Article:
A city-wide resident survey was last conducted in 2008 by the city government and has not been repeated.  However, a non-profit group, the Citizens Budget Commission, independently repeated the survey in 2017, sending surveys to 72,000 households. This produced community level data that was statistically valid even though it had only a 13 percent response rate.  The survey asked questions about quality of life as well as satisfaction with city services by different agencies.  It also allowed open-ended questions about agencies and improvements that could be made, which produced 20,000 written responses. According to Maria Doulis, vice president of the Commission, the City government expressed interest in the survey results but has not committed to conducting services regularly.

 

According to Doulis and former city officials, the City’s primary feedback mechanism is based on citizen calls to the City’s 311 service request system. This system tracks work requests for 14 City agencies, such as pot holes, rat control, and broken street light. The elected City Council sees itself as a proxy for more robust citizen feedback.  In addition, some individual City agencies undertake their own initiatives to gather feedback from their customers. For example, the City’s building code and zoning department has its own online customer survey on its homepage.

 

Next Steps.  The Mayor’s Office of Operations is currently undergoing a leadership change, but external observers such as the Citizens Budget Commission, say that the Office’s next step should be to develop better ties to the City’s budget development process, and to produce and report more real-time data that is useful to both elected leaders and citizens.

 

How the City of Hangzhou Assesses Agency Performance and Gathers Citizen Feedback

 

While the oversight of New York City’s performance system is run out of the Mayor’s office, in Hangzhou, an independent commission assesses agency performance and gathers extensive citizen feedback.  This is a leading-edge approach in China.  Most other Chinese cities operate more like New York City, with their performance management system and oversight being managed by a bureau within the city’s government, with more of a focus on compliance and less on problem-solving.

 

How Is Hangzhou’s Performance System Organized? In China, the Communist Party’s leaders outrank the mayor.  In Hangzhou’s city government, the local deputy party secretary heads an independent Comprehensive Evaluation Commission, which is also known as the Hangzhou Performance Management Commission. As a result, this commission has significant clout when it assesses and scores each city department annually.  The commission has a staff arm of about 40, the Office of the Comprehensive Evaluation Commission (OCEC). (Insert hotlink to details)

 

The Commission’s assessment of individual agencies is not unlike the assessments undertaken for the New York City Mayor’s Management Report, but the Hangzhou Commission’s report is organized around a 100-point scorecard that provides a summary score (New York City’s does not offer a summary score or ranking for its 45 departments).  The Commission’s scorecard for each city department is comprised of four components:

 

·  Public evaluation and feedback (50 points)

· An assessment of whether annual performance targets were met (45 points)

· An overall evaluation by city leaders (5 points)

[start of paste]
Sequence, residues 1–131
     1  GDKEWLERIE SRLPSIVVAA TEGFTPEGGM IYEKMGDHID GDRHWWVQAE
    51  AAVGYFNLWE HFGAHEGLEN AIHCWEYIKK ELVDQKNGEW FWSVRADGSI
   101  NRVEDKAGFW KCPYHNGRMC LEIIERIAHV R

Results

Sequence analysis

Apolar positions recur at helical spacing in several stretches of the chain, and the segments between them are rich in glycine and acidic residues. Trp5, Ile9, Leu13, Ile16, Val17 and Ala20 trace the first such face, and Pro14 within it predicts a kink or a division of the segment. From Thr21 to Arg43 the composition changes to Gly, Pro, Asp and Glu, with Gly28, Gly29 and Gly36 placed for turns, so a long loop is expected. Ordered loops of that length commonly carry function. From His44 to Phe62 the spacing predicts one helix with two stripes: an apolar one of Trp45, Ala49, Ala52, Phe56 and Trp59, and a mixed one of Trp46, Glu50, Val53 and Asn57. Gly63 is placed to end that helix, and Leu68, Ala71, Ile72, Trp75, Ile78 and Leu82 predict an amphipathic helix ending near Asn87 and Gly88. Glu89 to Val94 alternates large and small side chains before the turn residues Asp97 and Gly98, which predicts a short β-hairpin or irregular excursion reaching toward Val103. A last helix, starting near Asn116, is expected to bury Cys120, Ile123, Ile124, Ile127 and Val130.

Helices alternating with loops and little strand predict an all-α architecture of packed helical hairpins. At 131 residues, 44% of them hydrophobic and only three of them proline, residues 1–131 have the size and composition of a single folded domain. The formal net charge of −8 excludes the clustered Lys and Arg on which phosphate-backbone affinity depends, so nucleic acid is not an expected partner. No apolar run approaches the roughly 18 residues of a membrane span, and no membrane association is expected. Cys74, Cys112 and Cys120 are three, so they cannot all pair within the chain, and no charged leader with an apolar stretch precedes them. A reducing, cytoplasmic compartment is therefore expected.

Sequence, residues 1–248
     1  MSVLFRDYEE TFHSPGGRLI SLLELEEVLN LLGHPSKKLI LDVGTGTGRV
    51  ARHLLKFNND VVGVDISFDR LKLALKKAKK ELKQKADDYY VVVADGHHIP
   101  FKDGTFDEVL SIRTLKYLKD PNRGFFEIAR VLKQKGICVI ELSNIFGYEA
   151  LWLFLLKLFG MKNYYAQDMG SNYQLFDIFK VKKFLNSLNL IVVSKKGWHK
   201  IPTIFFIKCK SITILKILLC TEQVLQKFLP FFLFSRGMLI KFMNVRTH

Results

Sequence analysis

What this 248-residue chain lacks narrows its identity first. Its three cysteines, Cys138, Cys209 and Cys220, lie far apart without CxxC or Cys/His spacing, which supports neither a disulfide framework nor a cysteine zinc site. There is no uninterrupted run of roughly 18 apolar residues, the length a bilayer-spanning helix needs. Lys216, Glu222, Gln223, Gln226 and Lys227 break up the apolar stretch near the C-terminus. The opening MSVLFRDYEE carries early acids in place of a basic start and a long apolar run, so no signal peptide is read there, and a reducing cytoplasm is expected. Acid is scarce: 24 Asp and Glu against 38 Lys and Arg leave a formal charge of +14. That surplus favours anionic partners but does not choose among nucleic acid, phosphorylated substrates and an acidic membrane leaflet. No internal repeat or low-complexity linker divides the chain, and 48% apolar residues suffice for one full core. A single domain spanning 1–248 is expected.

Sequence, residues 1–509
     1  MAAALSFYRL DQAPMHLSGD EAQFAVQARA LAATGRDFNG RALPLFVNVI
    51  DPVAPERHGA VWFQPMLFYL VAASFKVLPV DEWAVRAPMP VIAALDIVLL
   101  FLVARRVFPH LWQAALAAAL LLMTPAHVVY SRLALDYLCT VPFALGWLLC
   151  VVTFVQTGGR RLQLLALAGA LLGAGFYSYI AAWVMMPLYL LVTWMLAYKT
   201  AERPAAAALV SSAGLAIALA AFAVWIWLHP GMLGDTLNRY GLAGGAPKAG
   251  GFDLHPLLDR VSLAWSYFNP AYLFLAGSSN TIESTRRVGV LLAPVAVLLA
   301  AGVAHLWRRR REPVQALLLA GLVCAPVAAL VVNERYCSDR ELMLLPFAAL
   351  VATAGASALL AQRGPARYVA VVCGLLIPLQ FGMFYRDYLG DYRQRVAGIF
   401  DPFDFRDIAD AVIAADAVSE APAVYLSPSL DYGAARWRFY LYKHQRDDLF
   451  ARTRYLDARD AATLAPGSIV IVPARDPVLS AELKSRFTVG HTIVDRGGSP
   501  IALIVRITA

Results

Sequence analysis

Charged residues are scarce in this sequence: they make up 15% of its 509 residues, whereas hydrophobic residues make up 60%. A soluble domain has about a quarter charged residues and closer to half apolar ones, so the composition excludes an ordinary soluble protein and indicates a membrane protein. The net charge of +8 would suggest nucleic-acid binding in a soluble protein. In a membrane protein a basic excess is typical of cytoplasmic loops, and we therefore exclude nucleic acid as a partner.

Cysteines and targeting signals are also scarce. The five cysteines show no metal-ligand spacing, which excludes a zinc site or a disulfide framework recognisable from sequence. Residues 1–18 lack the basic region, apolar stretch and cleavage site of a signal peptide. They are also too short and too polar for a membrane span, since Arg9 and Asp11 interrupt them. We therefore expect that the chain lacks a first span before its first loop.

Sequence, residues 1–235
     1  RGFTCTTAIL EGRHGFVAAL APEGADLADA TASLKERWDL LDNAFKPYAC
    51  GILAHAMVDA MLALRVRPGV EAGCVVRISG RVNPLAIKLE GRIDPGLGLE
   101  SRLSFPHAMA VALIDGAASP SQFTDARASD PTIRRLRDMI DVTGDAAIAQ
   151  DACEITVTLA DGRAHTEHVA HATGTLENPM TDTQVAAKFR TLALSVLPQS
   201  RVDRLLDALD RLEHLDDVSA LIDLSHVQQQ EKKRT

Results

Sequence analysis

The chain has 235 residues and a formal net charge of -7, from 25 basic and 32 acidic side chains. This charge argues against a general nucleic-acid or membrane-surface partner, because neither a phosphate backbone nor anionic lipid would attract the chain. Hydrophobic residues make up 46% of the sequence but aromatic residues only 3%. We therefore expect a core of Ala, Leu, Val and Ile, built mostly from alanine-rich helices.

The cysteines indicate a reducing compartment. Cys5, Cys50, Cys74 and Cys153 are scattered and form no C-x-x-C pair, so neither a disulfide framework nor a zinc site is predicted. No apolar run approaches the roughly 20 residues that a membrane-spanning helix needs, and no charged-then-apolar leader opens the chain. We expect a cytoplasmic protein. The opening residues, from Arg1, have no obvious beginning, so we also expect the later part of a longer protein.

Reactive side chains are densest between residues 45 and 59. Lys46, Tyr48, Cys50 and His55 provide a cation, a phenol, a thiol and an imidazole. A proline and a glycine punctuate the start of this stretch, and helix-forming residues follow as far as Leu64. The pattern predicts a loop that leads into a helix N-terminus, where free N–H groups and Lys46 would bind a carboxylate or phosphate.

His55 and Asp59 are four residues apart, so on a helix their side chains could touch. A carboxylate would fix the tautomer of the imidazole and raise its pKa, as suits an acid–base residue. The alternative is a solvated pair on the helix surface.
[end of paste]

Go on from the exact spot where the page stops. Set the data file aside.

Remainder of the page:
· An assessment of innovation and excellence projects (bonus points)

 

Hangzhou began measuring citizen satisfaction in 2000, when it launched a campaign to “allow the pubic to select ‘satisfactory and unsatisfactory government agencies’,” according to the OCEC’s  staff director[微軟用戶2] , Wu Bin. This was a pioneering step at the time in China. Initially, the satisfaction rating comprised 5 percent of a city department’s evaluation score.  This has since expanded to a weight of 50 percent of the evaluation score, with a goal of moving to 60 percent.  Interestingly, the national government has since adopted a strong emphasis on citizen feedback as well.  The recent national19th Party Congress’s top priority is to be more people-centered and incorporate citizen satisfaction.

 

Public feedback is an important part of the city’s comprehensive evaluation system. City-level legislation in 2016 institutionalizes this cutting-edge approach, which:

 

? Provides multiple feedback mechanisms, including the OCEC’s performance website (Chinese only) and the use of social media channels.

 

? Publicly shares its performance data and evaluationsassessments – In 20152008, Hangzhou was the first city in China to publish an annual social evaluation report on the city’s website (Chinese only).(link to 2017 report – Chinese only).

 

? Publicly reports the results of follow-up to evaluationsassessments that showed a need for improved performance.

 

The new municipal law (English and Chinese) defines the governance system, administrative processes, and the role of citizens and third-party evaluators in the performance assessment process. It stipulates that public opinion “must be absorbed and applied in the whole process of performance management,” and that “public satisfaction should be taken as an important criterion for assessing government performance.”  The city’s goal, according to Mr. Wu, is to enhance “political trust and satisfaction from the public and consolidate the legitimacy of its governance.”

 

The Commission also conducts oversight of 13 surrounding districts and counties that fall under the jurisdiction of Hangzhou.  These surrounding districts and counties have their own performance management systems and separate scorecards.

 

Administrative Routines for Collecting Performance and Feedback Information.  Hangzhou city leaders have institutionalized several administrative routines in order to conduct its comprehensive evaluations that results in the annual scorecard for agencies.  These include: